How do Mortgage Points Work?

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What are mortgage points?

Mortgage points, also known as mortgage discount points, are fees that buyers can choose to pay lenders in return for a lower mortgage rate on their loan. The process of buying points for a mortgage is known as “buying down the rate”.

It is a trade-off where funds are paid upfront to reduce the mortgage rate, which will eventually save interest in the future. A lower mortgage rate will result in a smaller monthly mortgage payment and lower total interest paid over the life of the mortgage.

Mortgage points fees are part of closing costs and the estimate is on the loan estimate document, which buyers get after they apply for a mortgage loan. The real amount is on the closing disclosure document which is received before closing.

How much is a mortgage point?

Mortgage discount points cost 1% of the mortgage amount and result in a drop of 0.25% in the mortgage rate per point. For example, on a mortgage amount of $100,000, 1-point will have a fee of $1,000 and can reduce the mortgage rate from 4.25% to 4%.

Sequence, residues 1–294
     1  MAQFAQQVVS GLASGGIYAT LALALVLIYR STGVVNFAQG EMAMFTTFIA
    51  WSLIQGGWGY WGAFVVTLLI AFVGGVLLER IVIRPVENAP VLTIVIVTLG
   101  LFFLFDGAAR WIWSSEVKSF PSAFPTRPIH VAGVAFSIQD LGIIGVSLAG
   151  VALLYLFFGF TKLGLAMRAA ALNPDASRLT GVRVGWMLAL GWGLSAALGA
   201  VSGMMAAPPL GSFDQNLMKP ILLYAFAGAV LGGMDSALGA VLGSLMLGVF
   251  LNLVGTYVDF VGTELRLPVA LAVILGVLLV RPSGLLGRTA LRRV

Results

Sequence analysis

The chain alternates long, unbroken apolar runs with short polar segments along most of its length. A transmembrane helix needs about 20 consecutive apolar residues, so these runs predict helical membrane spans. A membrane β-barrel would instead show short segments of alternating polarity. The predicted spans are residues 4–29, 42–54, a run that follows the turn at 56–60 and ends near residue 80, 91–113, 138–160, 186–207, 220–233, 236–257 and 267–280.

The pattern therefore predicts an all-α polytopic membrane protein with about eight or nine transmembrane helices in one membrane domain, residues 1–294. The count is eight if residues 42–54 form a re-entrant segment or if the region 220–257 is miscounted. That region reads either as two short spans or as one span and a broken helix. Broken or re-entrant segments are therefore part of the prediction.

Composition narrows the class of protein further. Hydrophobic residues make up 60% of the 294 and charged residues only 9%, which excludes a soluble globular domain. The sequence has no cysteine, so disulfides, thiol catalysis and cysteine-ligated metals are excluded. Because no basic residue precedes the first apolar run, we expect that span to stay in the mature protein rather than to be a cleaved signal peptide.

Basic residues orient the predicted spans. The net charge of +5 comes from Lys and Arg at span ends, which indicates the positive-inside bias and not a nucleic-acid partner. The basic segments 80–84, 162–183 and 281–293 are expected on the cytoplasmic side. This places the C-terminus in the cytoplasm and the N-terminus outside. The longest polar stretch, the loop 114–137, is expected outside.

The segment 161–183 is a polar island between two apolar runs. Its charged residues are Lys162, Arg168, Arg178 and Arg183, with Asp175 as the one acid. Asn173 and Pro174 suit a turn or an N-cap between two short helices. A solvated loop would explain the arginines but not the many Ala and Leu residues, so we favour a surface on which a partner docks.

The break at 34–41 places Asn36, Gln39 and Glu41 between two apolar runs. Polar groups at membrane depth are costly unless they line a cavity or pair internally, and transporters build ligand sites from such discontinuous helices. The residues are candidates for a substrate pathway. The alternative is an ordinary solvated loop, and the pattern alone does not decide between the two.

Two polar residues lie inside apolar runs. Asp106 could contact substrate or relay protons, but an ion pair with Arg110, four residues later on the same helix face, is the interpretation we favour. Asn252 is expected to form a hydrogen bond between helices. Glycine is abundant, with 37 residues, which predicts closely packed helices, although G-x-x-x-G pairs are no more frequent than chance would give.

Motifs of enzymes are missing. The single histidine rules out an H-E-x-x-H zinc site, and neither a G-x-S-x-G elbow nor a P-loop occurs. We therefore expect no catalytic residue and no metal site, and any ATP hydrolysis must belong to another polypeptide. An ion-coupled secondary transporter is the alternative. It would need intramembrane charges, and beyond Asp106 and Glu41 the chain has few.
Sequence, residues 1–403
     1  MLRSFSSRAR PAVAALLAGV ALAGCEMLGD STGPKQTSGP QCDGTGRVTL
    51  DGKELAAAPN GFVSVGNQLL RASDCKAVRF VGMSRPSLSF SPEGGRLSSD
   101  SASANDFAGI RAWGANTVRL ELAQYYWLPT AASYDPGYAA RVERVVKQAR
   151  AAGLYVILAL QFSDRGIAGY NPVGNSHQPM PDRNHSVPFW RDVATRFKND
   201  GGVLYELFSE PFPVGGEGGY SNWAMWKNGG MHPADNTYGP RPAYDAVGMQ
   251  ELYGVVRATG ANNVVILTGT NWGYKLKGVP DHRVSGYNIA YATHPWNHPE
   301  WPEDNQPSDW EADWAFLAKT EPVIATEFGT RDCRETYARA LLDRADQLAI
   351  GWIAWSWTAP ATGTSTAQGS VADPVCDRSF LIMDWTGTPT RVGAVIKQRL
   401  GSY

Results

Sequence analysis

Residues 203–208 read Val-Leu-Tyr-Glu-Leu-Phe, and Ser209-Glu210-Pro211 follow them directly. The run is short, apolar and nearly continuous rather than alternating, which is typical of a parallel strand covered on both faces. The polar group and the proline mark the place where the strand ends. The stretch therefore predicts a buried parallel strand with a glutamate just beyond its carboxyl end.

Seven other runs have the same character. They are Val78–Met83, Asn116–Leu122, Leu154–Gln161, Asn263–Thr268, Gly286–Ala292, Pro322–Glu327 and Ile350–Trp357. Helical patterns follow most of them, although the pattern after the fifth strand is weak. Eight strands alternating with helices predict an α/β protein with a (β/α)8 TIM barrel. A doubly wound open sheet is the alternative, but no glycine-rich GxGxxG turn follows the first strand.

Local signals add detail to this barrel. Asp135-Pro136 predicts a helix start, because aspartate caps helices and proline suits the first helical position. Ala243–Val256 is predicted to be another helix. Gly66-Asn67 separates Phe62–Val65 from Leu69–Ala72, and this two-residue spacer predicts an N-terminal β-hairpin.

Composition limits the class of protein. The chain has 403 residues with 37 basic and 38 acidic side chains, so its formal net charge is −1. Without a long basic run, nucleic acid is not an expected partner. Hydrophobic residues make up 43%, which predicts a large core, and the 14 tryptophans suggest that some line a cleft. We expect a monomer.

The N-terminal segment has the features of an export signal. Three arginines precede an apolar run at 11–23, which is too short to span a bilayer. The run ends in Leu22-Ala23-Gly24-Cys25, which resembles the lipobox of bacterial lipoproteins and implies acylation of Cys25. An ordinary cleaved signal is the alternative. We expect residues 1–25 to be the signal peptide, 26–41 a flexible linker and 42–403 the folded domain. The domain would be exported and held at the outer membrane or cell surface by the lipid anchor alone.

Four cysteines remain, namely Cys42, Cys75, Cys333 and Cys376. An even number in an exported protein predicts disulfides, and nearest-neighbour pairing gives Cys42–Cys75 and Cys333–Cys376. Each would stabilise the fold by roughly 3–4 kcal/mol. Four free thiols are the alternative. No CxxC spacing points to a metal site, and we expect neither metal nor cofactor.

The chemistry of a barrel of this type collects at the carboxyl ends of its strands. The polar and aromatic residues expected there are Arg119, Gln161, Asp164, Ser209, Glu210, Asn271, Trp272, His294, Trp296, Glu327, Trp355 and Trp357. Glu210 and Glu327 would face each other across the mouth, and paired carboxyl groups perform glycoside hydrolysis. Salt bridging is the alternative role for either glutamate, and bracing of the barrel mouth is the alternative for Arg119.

One point can reduce the point by about 0.25%, but the exact drop depends on several factors such as the lender, type of mortgage, and daily mortgage rates. You don’t necessarily need to buy a full point. If you have fewer funds after the down payment and closing costs , you can choose to buy 0.5 points and reduce your mortgage rate by 0.125% instead. For example, on a $100,000 mortgage amount, instead of paying $1,000 for 1 point, you can pay $500 for half a point. If you have additional funds, you can choose to buy 1.25 points also.

How do mortgage points work?

The mortgage rate has an impact on your monthly mortgage payment, as the rate decreases, your mortgage payment also goes down. The total interest savings depends on the mortgage rate, the amortization term ( 15-year vs 30-year ), and the total amount borrowed. For example, on a 30-year fixed-rate mortgage with various points and interest savings:

No Points1 Point2 Points
Loan Amount$300,000$300,000$300,000
Mortgage Rate4%3.75%3.5%
Points Cost-$3,000$6,000
Monthly Payment$1,530$1,490$1,460
Total Interest$172,485$160,130$147,975
Lifetime Savings-$12,355$24,510

The example above shows how discount points work. If you choose to buy 1 point for $3,000, over the life of a 30-year mortgage you will save $12,355, and with 2 points you will save $24,510. However, this is under the assumption you stay in the home for 30 years.

Mortgage Points: Is It Worth It?

Should you buy mortgage points?